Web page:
FORT WORTH, TEXAS | When Dan Jenkins became only the third sportswriter inducted into the World Golf Hall of Fame, he proudly noted he joined two other Fort Worth natives – Ben Hogan and Byron Nelson, a Texas duo who mastered golf clubs the way Dan controlled a keyboard. On Friday, at Christ Chapel Bible Church in his beloved hometown, friends and family said so long to His Ownself, who on March 7 reunited with Hogan and Nelson at the age of 90.
Jenkins’ story ended where it began, in the once rough-and-tumble cow town that always has proudly lived in the shadow of Dallas. This was where he was born, raised, went to high school, college and got his first writing job (at The Fort Worth Press) while still a teenager. On a bright, sunny day, as more than a thousand people crowded into church to pay their respects, the flags at Texas Christian University and Colonial Country Club were at half-staff, honoring their native son.
Among those on hand were at least two generations of sportswriters inspired by Jenkins. He was, said Dr. Ted Kitchens, the minister who officiated, “A tall tree in a forest of men.” A string quartet ushered in those who came to honor Jenkins. And Linnea Allen – whose name Dan could not pronounce, so he told her: “You’re Swedish, so I’m just going to call you Heidi” – sang You’ll Never Walk Alone.
Diana Reid, a friend of Dan and his wife of 59 years, June, met at Elaine’s, a celebrated watering hole in New York City, nearly 40 years ago. She said that “Dan had only one song request – We’ll Meet Again by Vera Lynn,” which is the tune that played as everyone filed out at the end.
In a twist of fate in which Jenkins would have likely found humor, his daughter, award-winning sportswriter Sally Jenkins, was felled by food poisoning and could not deliver her eulogy, her words read by a cousin, Tom O’Connor.
“My Dad was the best and most important sportswriter ever,” Sally Jenkins wrote. “He changed the direction of the river. His words made you wonder if they could have been as effortless to write as they were to read.”
Because of the Players Championship, many in golf couldn’t attend. Jack and Barbara Nicklaus sent flowers and Tom Watson sent a note to the family that captured the magic of Jenkins perfectly: “You, Dan, made me think and laugh at the same time.”
Dan Jenkins was an artist in a profession of craftsmen; a sculptor who took blocks of marble and turned them into David, his exquisite lines breathing beauty, heartbreak and the humor of humanity into something that previously didn’t exist.
When Jenkins entered the World Golf Hall of Fame in 2012, it was with his typical wit. “I’m particularly pleased to be taken in as a vertical human,” he said, noting that Bernard Darwin and Herbert Warren Wind were inducted posthumously. Dan said of those in the Hall, he knew 95, wrote stories about 73, had cocktails with 47 and played golf with 24. “So I want somebody else to try and go up against that record,” he said.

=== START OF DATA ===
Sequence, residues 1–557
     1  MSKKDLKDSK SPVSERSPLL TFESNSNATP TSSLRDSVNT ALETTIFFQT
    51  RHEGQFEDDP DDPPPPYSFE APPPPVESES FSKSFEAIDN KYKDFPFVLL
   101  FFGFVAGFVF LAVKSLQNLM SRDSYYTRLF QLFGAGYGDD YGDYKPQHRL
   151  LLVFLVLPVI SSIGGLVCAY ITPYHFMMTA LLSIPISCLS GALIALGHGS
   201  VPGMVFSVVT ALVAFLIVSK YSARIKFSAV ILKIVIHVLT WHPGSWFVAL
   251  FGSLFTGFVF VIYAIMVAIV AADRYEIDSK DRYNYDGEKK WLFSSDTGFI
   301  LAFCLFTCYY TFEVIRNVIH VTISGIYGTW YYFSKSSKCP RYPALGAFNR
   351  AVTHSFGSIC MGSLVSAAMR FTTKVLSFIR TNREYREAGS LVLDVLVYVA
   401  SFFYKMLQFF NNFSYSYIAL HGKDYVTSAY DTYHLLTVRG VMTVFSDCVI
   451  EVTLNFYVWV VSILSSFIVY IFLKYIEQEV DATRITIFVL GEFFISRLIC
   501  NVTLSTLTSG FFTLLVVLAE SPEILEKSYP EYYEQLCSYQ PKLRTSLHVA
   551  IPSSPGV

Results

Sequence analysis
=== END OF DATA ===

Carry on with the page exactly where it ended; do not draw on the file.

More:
It is truly an achievement that never will be surpassed, or even approached, as are his 232 major championships attended, which included 68 consecutive Masters. “I guess I’ll keep doing it until I topple over and they start to work on my tombstone,” he said. And that’s pretty much what he did.
His last Tweet came Feb. 4, when he said of the outburst by Sergio García in Saudi Arabia: “Regarding Sergio: Over the years, I’ve seen several tour pros take a nasty divot out of the bent with one angry chop.” It was a very understanding assessment of one of his favorite targets over the years.
And on that same day Dan tweeted: “I loved last night’s Super Bowl. Old-time hockey, and the right team won. That used to be the final score of every college game I covered.” Dan, who much preferred the college game to the NFL, loved the 13-3 defensive struggle. It was like Hogan winning the U.S. Open with a 287, as he did twice.
“When a man like my father goes, it’s outsized,” Sally Jenkins wrote. “It’s like a hundred men have left the room.”
Dan Jenkins was an artist in a profession of craftsmen; a sculptor who took blocks of marble and turned them into David, his exquisite lines breathing beauty, heartbreak and the humor of humanity into something that previously didn’t exist. Most of us who write are merely carpenters, framing houses, slapping on sideboards and hoping the grain runs in the right direction.
As always, the best words to express how Jenkins would want us to treat his goodbye were penned by His Ownself in his novel Semi-Tough when he gave Billy Clyde Puckett this line: “Laughter is the only thing that cuts trouble down to a size where you can talk to it.”
Jenkins’ was a life from typewriter to Twitter, and no matter how much his profession changed around him, he was always one step ahead. The ending he’d understand is the old-time writer’s code to printers: dash dash 30 dash dash (– –30– –).
That meant you had reached the end of the story.
Goodbye, my friend. We’ll meet again.
– –30– –
Dan Jenkins enjoying a light moment with his daughter Sally at the 91st PGA Championship in 2009. It was the 201st of 232 major championships Dan covered in a career spanning seven decades. Photo: Jeff Roberson, AP
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